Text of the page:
404. Robert Southey to Edith Southey [fragment], [early May 1799]
404. Robert Southey to Edith Southey [fragment], [early May 1799] *
At last, my dear Edith, I sit down to write to you in quiet and with something like comfort . . . . My morning has been spent pleasantly, for it has been spent alone in the library; the hours so employed pass rapidly enough, but I grow more and more homesick like a spoilt child. On the 29th you may expect me. Term opens on the 26th; after eating my third dinner I can drive to the mail, and thirteen shillings will be well bestowed in bringing me home four-and-twenty hours earlier – it is not above sixpence an hour, Edith, and I would gladly purchase an hour at home now at a much higher price . . . . . . . . . . . . . . . . .
My stall-hunting, the great and only source of my enjoyment in London, has been tolerably successful. I have picked up an epic poem in French, on the Discovery of America,  which will help out the notes of Madoc; another on the American Revolution,  the Alaric,  and an Italian one,  of which I do not know the subject, for the title does not explain it; also I have got Astraea,  the whole romance, a new folio, almost a load for a porter, and the print delightfully small – fine winter evenings’ work: and I have had self-denial enough – admire me, Edith! – to abstain from these books till my return, that I may lose no time in ransacking the library.
I met Stuart one day, luckily, as it saved me a visit. To-morrow must be given up to writing for him, as he has had nothing since I came to town. The more regularly these periodical works are done, the easier they are to do. I have had no time since I left home: in fact I can do nothing as it should be done anywhere else.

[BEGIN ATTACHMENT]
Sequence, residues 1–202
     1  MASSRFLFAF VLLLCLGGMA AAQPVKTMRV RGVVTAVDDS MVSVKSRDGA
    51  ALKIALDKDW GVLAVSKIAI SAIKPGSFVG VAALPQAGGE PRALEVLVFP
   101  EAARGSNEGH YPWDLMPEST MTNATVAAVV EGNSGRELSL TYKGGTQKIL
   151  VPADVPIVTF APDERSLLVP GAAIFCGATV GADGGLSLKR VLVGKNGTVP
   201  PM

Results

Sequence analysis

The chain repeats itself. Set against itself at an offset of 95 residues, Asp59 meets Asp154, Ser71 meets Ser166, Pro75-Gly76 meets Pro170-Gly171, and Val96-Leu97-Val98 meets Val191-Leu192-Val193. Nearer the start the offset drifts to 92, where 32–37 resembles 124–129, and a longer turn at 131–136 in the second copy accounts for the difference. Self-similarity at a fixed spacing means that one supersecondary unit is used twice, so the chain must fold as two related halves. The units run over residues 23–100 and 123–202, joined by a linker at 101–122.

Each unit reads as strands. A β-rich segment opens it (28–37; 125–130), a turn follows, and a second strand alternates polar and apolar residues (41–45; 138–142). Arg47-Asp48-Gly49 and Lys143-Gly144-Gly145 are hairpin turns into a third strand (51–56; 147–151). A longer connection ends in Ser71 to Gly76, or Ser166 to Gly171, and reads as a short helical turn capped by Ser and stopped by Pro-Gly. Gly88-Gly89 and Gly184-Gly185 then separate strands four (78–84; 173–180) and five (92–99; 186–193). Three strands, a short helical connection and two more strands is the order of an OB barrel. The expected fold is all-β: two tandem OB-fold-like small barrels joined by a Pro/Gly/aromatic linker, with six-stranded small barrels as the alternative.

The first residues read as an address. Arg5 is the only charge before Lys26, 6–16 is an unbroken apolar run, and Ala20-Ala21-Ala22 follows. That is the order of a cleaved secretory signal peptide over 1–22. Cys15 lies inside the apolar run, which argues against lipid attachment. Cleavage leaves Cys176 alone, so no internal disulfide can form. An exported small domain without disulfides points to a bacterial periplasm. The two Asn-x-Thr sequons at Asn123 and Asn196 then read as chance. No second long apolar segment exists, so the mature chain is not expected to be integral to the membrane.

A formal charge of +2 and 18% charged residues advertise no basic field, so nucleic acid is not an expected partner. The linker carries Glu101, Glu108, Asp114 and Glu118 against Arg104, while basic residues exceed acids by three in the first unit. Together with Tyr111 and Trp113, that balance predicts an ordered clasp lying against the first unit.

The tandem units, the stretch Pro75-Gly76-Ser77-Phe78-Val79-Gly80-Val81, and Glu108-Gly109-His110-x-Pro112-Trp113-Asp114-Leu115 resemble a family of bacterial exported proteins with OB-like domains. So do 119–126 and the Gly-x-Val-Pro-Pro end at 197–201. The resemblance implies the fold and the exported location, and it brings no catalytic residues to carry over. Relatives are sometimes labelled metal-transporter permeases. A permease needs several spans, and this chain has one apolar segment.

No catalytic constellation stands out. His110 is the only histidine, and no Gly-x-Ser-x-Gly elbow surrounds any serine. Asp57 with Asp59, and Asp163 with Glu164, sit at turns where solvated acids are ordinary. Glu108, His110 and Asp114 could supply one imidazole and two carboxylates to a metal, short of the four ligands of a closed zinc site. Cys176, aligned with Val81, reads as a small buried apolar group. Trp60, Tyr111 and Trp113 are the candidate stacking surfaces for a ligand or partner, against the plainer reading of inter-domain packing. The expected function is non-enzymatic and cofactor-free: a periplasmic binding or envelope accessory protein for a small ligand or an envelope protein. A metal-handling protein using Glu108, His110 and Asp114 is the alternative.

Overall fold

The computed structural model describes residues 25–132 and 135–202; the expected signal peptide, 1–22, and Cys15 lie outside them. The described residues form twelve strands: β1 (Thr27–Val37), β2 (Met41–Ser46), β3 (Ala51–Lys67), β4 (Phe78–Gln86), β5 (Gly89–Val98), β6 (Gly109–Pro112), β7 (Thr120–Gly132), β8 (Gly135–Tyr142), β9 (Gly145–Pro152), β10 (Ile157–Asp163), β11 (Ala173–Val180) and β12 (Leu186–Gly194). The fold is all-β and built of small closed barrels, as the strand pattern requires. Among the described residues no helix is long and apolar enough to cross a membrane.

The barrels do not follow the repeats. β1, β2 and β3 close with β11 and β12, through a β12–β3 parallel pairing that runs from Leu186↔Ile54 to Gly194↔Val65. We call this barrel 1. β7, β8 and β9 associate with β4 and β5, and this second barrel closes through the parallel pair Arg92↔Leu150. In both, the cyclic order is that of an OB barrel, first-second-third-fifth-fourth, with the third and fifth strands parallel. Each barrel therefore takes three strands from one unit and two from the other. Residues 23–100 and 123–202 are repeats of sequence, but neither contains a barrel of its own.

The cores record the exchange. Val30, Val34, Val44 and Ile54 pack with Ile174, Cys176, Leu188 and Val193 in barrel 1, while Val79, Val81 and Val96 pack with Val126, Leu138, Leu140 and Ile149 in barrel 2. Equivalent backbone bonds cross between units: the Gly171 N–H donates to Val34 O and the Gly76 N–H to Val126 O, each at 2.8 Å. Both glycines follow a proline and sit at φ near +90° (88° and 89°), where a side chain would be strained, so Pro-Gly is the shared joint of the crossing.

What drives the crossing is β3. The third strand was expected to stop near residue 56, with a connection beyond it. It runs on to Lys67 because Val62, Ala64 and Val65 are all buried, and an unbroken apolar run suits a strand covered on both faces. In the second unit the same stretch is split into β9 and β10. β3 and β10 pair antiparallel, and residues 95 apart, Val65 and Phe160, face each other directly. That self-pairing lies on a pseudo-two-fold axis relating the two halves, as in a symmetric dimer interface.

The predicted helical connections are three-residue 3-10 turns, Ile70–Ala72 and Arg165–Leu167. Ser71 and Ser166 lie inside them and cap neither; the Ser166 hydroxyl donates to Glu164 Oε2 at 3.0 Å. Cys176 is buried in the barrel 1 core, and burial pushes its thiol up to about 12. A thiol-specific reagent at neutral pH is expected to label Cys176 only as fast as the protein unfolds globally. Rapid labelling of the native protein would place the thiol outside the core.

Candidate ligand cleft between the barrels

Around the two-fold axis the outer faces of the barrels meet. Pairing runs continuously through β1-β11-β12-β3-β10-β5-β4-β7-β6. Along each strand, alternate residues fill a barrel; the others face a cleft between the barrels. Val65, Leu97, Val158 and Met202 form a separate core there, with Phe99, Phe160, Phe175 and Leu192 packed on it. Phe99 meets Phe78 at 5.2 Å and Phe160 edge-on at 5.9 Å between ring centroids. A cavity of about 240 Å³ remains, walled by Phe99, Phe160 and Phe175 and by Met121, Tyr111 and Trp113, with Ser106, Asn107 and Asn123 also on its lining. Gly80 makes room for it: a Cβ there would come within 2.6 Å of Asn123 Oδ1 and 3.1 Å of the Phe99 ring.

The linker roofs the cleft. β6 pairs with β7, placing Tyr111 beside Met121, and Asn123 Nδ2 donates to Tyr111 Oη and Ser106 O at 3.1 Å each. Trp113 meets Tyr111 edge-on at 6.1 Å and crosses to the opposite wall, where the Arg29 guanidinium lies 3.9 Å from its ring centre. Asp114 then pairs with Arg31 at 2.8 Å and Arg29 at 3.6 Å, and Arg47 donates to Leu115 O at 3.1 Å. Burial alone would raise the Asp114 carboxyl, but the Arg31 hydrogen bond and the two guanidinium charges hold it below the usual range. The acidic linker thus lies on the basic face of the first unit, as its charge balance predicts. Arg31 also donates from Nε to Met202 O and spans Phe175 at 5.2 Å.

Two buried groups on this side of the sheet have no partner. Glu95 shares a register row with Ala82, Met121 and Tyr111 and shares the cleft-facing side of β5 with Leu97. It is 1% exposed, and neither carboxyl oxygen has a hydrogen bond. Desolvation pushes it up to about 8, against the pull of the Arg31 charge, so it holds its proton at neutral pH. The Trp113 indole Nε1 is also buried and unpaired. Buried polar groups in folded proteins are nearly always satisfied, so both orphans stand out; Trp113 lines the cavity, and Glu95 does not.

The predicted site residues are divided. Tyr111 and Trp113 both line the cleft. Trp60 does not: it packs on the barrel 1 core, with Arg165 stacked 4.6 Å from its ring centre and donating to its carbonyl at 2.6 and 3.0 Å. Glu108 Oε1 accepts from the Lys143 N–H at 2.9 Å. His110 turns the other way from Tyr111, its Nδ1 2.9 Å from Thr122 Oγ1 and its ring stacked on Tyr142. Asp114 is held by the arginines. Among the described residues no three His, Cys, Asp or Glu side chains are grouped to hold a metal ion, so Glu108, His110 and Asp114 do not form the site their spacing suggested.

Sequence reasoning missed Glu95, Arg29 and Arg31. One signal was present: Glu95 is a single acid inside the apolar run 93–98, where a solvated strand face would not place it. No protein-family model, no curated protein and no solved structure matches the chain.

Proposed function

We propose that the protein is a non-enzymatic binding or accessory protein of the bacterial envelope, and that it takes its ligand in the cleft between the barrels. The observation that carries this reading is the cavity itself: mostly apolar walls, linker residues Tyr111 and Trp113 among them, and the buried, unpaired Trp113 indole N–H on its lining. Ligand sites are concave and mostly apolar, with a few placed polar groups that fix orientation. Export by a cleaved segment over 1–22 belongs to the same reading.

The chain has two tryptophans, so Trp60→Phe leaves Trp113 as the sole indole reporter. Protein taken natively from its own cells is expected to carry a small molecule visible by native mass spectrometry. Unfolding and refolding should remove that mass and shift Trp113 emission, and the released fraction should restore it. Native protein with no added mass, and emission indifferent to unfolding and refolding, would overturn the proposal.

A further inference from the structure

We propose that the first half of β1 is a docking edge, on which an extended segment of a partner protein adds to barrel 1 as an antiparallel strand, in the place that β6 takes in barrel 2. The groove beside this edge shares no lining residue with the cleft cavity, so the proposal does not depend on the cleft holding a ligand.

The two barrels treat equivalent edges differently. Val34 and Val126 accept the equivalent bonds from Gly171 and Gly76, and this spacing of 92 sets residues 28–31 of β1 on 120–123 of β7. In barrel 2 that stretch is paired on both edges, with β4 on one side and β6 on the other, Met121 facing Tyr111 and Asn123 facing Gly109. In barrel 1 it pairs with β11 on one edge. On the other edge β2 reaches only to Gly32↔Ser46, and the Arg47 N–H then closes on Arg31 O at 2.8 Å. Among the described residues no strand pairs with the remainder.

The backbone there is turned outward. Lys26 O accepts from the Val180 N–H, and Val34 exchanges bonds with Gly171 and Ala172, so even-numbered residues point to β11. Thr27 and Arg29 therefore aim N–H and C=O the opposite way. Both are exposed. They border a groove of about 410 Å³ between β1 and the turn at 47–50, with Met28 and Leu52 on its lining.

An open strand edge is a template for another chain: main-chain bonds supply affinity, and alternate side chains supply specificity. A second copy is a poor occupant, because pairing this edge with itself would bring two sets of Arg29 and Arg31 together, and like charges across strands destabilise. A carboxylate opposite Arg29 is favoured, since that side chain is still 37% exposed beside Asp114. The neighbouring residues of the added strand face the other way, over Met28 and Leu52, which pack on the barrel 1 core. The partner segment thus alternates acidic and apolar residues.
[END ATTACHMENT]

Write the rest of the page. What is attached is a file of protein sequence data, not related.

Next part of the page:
. . . . Do not suppose I have forgotten to look out for a book for you; to-day I saw a set of Florian,  which pleases me, unless a better can be found.
. . . . Do you know that I am truly and actually learning Dutch, to read Jacob Cats.  You will, perhaps, be amused at a characteristic trait in that language: other people say, I pity; but the Dutch verb is, I pity myself.
* MS: MS
untraced; text is taken from Charles Cuthbert Southey (ed.), Life and
Correspondence of Robert Southey, 6 vols (London,
Previously published: Charles Cuthbert Southey (ed.), Life and Correspondence of Robert Southey, 6 vols (London, 1849–1850), II, pp. 13–15 [in part].
Dating note: Internal evidence suggests this letter was written after that to Edith Southey of 1-3 May 1799 (Letter 403), and before that of 9 May 1799 (Letter 405). BACK
 Marie-Anne Du Boccage (1710–1802), La Colombiade, ou La Foi Portée au Nouveau Monde (1756). BACK